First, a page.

Mary Jane gunned the motor of the old blue VW bus. She took one last look at the yellow house she had spent all last summer painstakingly painting, and the fresh summer daisies peeking up happily from the sweet smelling dirt.
But today, none of that mattered. All that mattered to Mary Jane was the road ahead, the vast expanse of nothing.
Mary Jane wanted that nothing. And nothing was going to stop Mary Jane from getting it.
She pulled up the tea length skirt of her vintage sixties yellow lace cocktail dress and kissed her peace pendant hanging from her rearview mirror. Her flowered suitcases were stuffed in the back, and a cooler rested on the passenger seat beside her, filled to the brim with an unending supply of Diet Coke. She was going to need it where she was going.
The road can be a lonely place.
A lonely place of unconquered pleasures, inspiring adventures, and most importantly, nothing.
Goodbye, she thought as she pulled out into the brimming California sunrise.
Where she was going, she didn’t know. But there was something deep inside Mary Jane that was possesing her, making her lust for a challenging sort of freedom, something clearly unknown.
The sun outside was Mary Jane’s favourite midmorning glow, that made the day feel new and exciting, and most pleasant to greet with enthusiasm. She rolled down the window on the freeway, letting it brush over her skin, and feeling the cool and stinging air whip across her face. She breathed it in, and put on her sunglasses. She was ready.
Under the cooler, her maps were sticking out, and she pulled out a map of California and set it on the dashboard in case she might need it for reference. She wasn’t sure where she was going, but she knew that it would come to her. There were so many things she needed to explore, so many dreams left unfulfilled that she must conquer that she would take the first turn that suited her.
As she drove she thought of the house, and how she had left him sleeping there without a goodbye.
Mary Jane hadn’t said goodbye. Although, she was polite enough to leave James a note. She had spelled out her plan to him on the fridgerator door in a combination of magnetic poetry and colorful alphabet magnets. Mary Jane knew that a written note was too passe for her taste, and that the fridegerator was probably the first thing James would see in the morning anyway. Therefore, her reasoning became rather logical.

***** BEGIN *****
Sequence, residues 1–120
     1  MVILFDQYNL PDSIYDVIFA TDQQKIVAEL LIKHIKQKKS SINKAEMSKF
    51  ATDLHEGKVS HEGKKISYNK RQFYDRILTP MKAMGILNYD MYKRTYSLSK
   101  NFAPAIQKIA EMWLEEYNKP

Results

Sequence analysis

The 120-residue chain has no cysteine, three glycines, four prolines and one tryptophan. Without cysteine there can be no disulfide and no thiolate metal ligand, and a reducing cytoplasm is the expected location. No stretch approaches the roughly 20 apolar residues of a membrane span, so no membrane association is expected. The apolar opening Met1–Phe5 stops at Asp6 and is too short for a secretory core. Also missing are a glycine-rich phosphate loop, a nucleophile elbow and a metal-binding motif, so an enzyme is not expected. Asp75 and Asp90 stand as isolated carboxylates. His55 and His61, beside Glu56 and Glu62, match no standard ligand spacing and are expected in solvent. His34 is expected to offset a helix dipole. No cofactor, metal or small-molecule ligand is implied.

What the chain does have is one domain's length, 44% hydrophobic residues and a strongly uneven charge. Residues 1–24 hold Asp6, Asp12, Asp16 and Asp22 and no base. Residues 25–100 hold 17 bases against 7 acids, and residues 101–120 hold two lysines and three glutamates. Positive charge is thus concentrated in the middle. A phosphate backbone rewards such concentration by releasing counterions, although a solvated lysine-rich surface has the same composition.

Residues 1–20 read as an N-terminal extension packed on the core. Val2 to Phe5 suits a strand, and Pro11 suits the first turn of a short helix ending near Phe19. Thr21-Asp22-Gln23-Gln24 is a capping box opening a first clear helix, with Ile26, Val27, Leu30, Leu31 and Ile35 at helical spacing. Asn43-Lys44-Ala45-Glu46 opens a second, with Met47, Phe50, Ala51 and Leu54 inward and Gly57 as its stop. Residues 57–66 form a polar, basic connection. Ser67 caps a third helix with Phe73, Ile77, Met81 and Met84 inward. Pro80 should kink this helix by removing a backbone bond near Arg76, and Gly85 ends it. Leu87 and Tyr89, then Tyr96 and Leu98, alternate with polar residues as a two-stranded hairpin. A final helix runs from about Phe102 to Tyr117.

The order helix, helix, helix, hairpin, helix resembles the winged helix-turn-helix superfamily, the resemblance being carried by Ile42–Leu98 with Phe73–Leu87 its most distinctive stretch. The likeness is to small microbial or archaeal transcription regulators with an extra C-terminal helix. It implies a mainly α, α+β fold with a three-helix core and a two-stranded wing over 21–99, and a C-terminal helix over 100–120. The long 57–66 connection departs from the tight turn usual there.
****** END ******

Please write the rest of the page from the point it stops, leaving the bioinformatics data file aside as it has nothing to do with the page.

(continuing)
She snickered thinking about James. How he ate too much granola, and wore too many organic label clothing brands. Mary Jane hated his fascination with fly fishing, and his scruffy Jim Morrison facial hair. She thought about kicking him out, but she found that a bit too severe. He was a nice guy after all, but after so long, Mary Jane realized he wasn’t really what she wanted. She wanted someone truely, and madly like herself.
She drove one handed and rested her head lazily on her right arm, propped up by the open window as she fantasized about her personal sex gods.
Mary Jane fished around on the floor, keeping one hand on the wheel and one eye on the road. She pulled up a mixed tape she had made some time ago. In dark permanant maker, Mary Jane’s Mix was scratched onto the front of the well used tape. She thought it was a stupid title, but she stuck it in the player. The first song that came up was her song, Mary Jane’s Last Dance by Tom Petty & The Heartbreakers.
She smiled broadly and began to sing along, turning up the volume on the speakers, and flahsing a peace sign to any passing car, most which were happily returned. As she drove down the sunny freeway, she breathed in the soothing air and loved no other but California itself. Although, she knew it was time to leave.
Mary Jane now had two options. She could go north, to Oregon and up through Canada, or south, to Arizona. Either option sounded enchanting in its own way, but she needed something that would make any roadtrip decision more valid, McDonald’s breakfast.